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Our latest Tales From TikTok is the story of Benjamin Lay, an English Quaker and early white abolitionist, an unsung hero in Black History. In the 1700s, the Quaker dwarf and esteemed author was one of the first abolitionists to fearlessly advocate for the liberation of enslaved Black people at a time when slavery was widely accepted.

On March 3, a TikTok historian named @MrCrim3 shared a few anecdotes about the freedom fighter’s untold story.

According to Crim, after Lay witnessed the brutality and inhumanity of the transatlantic slave trade in Barbados, he was compelled to take action. He vehemently denounced the institution of slavery and did everything in his power to “dissociate” with the grave violation of human rights and dignity. According to historian Marcus Rediker, who is the author of Lay’s biography, The Quaker Dwarf Who Became the First Revolutionary Abolitionist, the Essex, England, native and his wife, Sarah Smith, were set to open a general store in Barbados in the 1730s, but the pair were horrified when they witnessed the atrocity of slavery.

“It was the leading slave society of the world,” Rediker said during a 2018 interview with BBC. “He saw slaves starved to death, he saw them beaten to death and tortured to death, and he was horrified.”

The Quaker boldly denounced slavery, openly challenging plantation owners, but he was swiftly expelled from the region, according to the informative Tales From TikTok.

Lay was one of the first abolitionists to practice non-violent activism.

According to Crim, what set Lay apart from other abolitionists of his time was his bold and theatrical methods of protest. He challenged conventional wisdom and staged dramatic performances to draw attention to the horrors of slavery, often confronting slave owners and challenging their moral conscience.

The TikTok historian cited that the 4-foot-tall hunched-back abolitionist did not wear cotton and other slave-produced products in the 1700s. In one memorable act, Lay attended the annual Philadelphia Yearly Meeting – the Quakers’ annual business meeting —  in a military uniform, brandishing a sword and holding an animal bladder filled with red pokeberry juice inside his Bible. The “blood-like” substance symbolized the blood of enslaved Africans, the Swarthmore College Bulletin noted. He struck open the pokeberry juice bag, spraying attendees at the conference. The dramatic gesture shocked and unsettled his audience, forcing them to confront the harsh realities of their complacency and participation in slavery.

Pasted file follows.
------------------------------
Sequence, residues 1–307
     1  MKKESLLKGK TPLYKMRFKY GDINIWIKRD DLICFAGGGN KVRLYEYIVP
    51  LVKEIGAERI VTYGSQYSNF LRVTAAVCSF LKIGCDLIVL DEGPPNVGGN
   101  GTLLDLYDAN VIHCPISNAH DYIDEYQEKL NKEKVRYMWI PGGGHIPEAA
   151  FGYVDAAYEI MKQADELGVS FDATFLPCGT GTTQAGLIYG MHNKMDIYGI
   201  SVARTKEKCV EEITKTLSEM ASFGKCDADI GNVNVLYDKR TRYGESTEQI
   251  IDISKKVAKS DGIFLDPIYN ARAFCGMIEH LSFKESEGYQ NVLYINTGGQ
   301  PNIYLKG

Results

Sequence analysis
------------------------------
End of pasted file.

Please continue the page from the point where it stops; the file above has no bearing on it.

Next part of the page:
To underscore his commitment to freeing enslaved individuals, Lay once took the drastic step of kidnapping a slave owner’s child, Crim mentioned in his TikTok video. His intention was to illustrate the cruelty and anguish caused by separating enslaved children from their families. The Swarthmore College Bulletin noted that Lay safely returned the 6-year-old child to his family after they went on a frantic search for the little one.

“Your child is safe in my house, and you may now conceive of the sorrow you inflict upon the parents of the Negro girl you hold in slavery, for she was torn from them by avarice,” he told the family.

Upon settling in Philadelphia, Pennsylvania, in the 1730s, Lay lived in a cave that he built into a cottage for himself and his wife to further distance them from society, Crim said. Made from stone and “springs of evergreen,” Lay’s biographer, Rediker, claimed that the freedom fighter’s home was “quite spacious” and contained a large library.

Despite facing ostracism and persecution from his own Quaker community, Lay remained steadfast in his convictions, believing that the fight for justice was worth any personal sacrifice. In addition to his theatrical protests, the passionate abolitionist wrote All Slave-Keepers That Keep the Innocent in Bondage, Apostates, a pamphlet condemning the practice of slavery as a grave sin. The book called upon fellow Quakers to renounce the institution and free their enslaved individuals.

Have you heard of Benjamin Lay? Tell us in the comments section.


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